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July 25, 2009 - 11:45am

Walgreens open, building already up for sale for $5.1 million

posted by Howard B. Owens in Le Roy, Walgreens.

The Walgreens in Le Roy is now open, as we learned from a glowing piece of PR published in the Batavia Daily News.

The problem of its construction, which as is downright hostile to other businesses in the village with its parking lot and fence in front of the building, is, of course, still a problem.

And it was a problem the Le Roy Planning Board recognized back in August 2007, according to an article in the Daily News archives:

Planning Board member Jerry McCullough said he would like to see a design consistent with a small-town Main Street look, including having the store closer to the sidewalk and all the parking either behind the building or to one side and the rear.

Planning Board Chairman Robert Dawley agreed. He would like Walgreens to design a store similar to the way the Village Hall sits on its parcel, with green space between the sidewalk and building and its front setback consistent with nearby properties.

"I think it would be visually more pleasing to the community," he said. The traditional downtown look would also provide better sight lines for drivers approaching the traffic light at routes 5 and 19, he said.

I remember being told a year ago that the building would fit into the village.  I wonder whatever happened to that plan?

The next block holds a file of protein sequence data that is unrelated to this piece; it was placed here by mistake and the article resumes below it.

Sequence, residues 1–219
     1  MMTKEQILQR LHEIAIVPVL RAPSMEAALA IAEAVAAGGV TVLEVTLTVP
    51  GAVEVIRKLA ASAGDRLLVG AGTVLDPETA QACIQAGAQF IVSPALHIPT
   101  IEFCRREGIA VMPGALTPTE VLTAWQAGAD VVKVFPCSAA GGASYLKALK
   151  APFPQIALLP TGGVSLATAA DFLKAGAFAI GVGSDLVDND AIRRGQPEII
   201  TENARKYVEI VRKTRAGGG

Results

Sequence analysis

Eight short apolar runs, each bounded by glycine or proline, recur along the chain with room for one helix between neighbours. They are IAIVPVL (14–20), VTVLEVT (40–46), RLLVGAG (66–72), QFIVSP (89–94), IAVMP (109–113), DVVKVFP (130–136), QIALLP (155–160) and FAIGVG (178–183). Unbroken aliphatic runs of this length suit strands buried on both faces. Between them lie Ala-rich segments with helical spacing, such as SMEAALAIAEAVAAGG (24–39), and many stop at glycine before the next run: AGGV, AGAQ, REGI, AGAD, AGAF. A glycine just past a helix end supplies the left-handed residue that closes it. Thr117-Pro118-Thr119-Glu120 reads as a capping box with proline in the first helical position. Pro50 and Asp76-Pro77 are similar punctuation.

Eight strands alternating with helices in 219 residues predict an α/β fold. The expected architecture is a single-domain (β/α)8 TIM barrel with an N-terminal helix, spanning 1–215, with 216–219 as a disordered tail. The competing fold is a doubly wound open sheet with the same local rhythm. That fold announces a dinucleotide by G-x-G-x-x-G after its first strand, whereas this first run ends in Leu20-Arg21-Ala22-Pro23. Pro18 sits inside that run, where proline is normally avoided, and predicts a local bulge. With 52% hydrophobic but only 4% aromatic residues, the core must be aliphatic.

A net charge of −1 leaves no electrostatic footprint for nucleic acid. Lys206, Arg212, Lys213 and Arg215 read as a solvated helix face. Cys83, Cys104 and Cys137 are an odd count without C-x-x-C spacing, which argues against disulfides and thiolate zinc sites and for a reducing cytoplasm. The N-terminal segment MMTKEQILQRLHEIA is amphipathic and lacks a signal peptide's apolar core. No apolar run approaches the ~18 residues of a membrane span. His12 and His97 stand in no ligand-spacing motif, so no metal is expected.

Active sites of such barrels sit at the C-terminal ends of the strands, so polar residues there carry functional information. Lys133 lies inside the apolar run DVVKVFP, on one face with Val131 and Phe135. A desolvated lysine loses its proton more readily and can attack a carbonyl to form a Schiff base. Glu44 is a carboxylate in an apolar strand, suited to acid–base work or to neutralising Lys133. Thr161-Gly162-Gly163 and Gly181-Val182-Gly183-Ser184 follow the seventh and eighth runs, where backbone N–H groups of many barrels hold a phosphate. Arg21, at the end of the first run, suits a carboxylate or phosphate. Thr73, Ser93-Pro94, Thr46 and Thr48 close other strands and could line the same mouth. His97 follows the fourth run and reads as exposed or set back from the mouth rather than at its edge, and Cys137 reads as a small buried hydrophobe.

Meanwhile, the building is already up for sale. Asking price: $5.1 million.

David Dodge
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That went well, not! First, they build it so that the parking lot and fence doesn't entice customers to come into the store. Then, they take an inordinate amount of time to actually open the doors. And now the building is already up for sale. Wow, just wow.
william tapp
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village don't want more business any way, they chase more business away then would ever come there, leroy don't like change. leroy is a dead village, thay need now places there.main street is dead dead.village father's are dead heads
Andrew Erbell
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The building being up for sale doesn't mean Walgreens is leaving. They are a tenant. I'm not sure what Walgreen's Corporate policy is but it's probably similar to the Dollar General Corporation. They don't own any of the buildings they're in - they rent the space.
bud prevost
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owned by westlake development
Howard B. Owens
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Andrew, btw, what is your business? It's based in Le Roy, right?
Gary Spencer
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and Wal-Mart is supposed to be on the way!"This town needs an enema!"
Lincoln DeCoursey